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Levine leads triumphant `Giovanni'

LENOX -- Mozart's ``Don Giovanni" kept 7,649 people up past their bedtime Saturday night at Tanglewood. The magnificent performance by James Levine, the Boston Symphony Orchestra, and a prestigious international cast ended just before midnight. Most of the audience was still there at the close to experience the damnation of the Don, and remained long afterward to cheer the performers.

There were two late changes of cast. Luca Pisaroni , who came in to sing Don Giovanni's servant Leporello , proved a major discovery. The Italian bass is young, tall , and handsome, thereby dispelling many of the tiresome cliches that surround this role. His voice is light, but his singing was lithe, witty, responsive , and imaginative; Leporello became an alter ego for Don Giovanni. Tamar Iveri was fiery as Donna Anna, the aristocratic lady who starts off a very bad day for Don Giovanni -- the last day of his life. The soprano from the republic of Georgia has a gleaming, focused voice that created excitement as it cleaved the air in the vengeance aria. She was skating on thin ice in the second aria, but she managed the spins and turns cautiously. Her pluck earned her a big hand.

Finnish soprano Soile Isokoski is probably unmatched as Donna Elvira today -- her dark, lovely timbre has haunted me since her BSO debut in the Faure Requiem a dozen years ago. She sings with sophisticated elegance and made the abandoned woman who won't give up both amusing and touching. Soprano Heidi Grant Murphy's delicate voice cannot communicate Zerlina's peasant earthiness and country smarts, but she sang with exquisite sweetness.

Patrick Carfizzi offered a sturdy baritone and strong basic feelings as Zerlina's intended, and bass Morris Robinson , once a Boston University football player, poured out steady, burly tone as the Commendatore whose statue drags Don Giovanni off to hell. Tenor Matthew Polenzani was less wimpy than most Don Ottavios, and sang his first aria with mellifluous tone and elegant line, graced with stylish ornamentation; it won one of the biggest ovations of the evening.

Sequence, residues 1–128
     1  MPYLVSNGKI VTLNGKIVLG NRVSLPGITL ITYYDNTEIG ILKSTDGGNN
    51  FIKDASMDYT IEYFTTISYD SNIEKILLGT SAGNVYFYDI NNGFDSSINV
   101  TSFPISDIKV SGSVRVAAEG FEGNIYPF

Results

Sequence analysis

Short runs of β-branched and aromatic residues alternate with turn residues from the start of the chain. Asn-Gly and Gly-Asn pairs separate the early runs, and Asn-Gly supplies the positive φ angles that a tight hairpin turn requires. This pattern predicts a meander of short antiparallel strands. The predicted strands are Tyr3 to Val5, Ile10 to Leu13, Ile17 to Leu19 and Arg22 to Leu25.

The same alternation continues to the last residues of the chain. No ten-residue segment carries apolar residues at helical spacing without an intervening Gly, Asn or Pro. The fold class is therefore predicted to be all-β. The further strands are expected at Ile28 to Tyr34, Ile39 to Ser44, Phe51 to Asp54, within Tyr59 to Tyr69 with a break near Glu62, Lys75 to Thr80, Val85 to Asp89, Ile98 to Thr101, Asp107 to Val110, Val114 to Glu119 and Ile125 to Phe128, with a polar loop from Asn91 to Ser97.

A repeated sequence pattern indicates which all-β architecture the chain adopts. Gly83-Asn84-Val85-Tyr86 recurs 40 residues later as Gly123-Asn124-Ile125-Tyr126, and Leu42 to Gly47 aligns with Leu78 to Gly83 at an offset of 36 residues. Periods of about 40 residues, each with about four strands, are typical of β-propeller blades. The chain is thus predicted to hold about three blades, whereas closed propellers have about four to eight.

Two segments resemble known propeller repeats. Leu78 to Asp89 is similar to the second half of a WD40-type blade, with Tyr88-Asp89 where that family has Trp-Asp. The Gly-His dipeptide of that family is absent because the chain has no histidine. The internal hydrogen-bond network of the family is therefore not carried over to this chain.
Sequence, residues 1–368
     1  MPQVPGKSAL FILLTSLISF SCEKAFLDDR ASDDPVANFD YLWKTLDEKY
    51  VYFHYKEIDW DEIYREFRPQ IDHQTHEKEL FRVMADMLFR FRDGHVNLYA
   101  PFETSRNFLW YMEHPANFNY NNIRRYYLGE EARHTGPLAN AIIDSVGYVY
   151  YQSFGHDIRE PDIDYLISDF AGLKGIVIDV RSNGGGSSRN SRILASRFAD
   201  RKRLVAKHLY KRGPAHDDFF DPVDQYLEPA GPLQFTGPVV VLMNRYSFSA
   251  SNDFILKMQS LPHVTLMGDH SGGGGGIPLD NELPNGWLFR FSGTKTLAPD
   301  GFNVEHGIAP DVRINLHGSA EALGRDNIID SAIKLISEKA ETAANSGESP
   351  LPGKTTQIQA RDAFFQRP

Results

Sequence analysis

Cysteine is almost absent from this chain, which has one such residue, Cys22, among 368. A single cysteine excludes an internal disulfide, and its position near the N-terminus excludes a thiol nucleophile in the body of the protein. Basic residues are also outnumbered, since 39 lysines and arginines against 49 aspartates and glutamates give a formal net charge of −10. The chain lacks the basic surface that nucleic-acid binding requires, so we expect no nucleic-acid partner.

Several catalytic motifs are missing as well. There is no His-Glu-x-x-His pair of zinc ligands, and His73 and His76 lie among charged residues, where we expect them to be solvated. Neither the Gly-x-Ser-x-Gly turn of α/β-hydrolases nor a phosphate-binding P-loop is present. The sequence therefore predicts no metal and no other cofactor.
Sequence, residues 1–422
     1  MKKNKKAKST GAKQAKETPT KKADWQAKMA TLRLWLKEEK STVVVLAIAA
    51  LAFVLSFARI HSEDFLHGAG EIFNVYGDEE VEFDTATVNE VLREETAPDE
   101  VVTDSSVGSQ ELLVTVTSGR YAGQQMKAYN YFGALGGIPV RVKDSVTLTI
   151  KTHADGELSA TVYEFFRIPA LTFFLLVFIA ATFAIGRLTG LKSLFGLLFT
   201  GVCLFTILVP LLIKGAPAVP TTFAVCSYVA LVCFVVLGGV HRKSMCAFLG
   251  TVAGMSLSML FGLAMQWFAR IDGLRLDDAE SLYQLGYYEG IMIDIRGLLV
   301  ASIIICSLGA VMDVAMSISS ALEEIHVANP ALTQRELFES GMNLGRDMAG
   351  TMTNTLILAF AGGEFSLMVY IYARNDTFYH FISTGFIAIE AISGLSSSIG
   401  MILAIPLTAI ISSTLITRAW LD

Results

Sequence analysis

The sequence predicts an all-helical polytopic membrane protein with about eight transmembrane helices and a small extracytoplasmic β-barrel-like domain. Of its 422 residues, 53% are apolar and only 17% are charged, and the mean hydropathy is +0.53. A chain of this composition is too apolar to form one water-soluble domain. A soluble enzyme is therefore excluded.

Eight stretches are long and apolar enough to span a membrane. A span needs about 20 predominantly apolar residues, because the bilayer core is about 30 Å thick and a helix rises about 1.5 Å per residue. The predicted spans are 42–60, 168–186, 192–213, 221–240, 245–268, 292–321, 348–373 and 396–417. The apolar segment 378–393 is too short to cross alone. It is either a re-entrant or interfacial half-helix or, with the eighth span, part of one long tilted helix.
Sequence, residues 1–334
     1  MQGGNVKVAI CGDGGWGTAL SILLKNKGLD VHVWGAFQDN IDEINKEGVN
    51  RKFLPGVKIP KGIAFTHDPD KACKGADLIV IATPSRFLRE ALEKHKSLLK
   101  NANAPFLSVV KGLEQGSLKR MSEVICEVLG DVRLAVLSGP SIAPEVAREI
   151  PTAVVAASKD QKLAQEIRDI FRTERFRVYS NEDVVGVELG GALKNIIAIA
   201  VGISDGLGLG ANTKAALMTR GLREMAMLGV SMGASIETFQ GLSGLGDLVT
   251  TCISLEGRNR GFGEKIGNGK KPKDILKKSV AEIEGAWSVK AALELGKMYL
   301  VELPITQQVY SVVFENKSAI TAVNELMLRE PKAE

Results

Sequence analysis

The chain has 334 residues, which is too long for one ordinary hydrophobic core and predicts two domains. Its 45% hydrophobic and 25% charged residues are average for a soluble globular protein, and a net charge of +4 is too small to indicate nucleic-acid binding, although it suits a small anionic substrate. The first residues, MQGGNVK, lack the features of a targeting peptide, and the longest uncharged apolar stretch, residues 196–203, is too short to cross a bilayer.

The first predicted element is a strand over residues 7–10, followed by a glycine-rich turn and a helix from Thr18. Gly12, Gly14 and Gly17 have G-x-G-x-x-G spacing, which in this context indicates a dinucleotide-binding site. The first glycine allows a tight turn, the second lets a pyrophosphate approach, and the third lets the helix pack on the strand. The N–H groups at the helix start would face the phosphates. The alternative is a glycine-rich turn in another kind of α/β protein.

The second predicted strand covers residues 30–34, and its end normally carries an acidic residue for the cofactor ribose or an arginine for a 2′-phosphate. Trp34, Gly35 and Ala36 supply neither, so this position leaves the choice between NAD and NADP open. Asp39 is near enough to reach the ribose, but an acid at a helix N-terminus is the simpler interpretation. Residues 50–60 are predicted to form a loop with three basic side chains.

There's a big buzz about charismatic Mariusz Kwiecien , who took the title role. He's in his early 30s, looks like Matthew McConaughey , and sings in a honeyed baritone propelled by musical and theatrical intelligence. But the talented Pole is not yet a Don Giovanni -- he's more a cuddly scamp than a daredevil; so far, he lacks edge and danger, and sometimes pushes his voice awfully hard.

The cast acted their roles on a platform behind the orchestra. The uncredited production was by Levine, releasing his inner stage director. He has conducted ``Don Giovanni" more than 60 times at the Metropolitan Opera and has learned what he wants to see -- and doesn't. The movements were dramatically clear, pertinently linked to musical form, and acoustically advantageous. There was even a good sight gag -- when Leporello recited the list of Don Giovanni's conquests, Levine walked up and handed Pisaroni the bound score of the opera. Donna Elvira anxiously scrutinized it, searching for her own name.

Levine knows the opera inside and out and his interpretation has changed over the years -- he is swifter and lighter now, so the force and weight at the end become overwhelming. He enables the singers to do whatever works best for them but within a stylish and absolutely secure framework. The BSO was playing the complete opera for the first time, but you would never have known it -- except maybe for the extra focus and excitement. Harpsichordist Kevin Murphy and BSO cellist Sato Knudsen were the alert continuo, and members of the Tanglewood Festival Chorus excelled as peasants, servants, and demons.

Surtitles generated some of the laughter, but the performance is what grabbed hold. It was clear that many in the audience were experiencing ``Don Giovanni" for the first time, and that's a wonderful thing.

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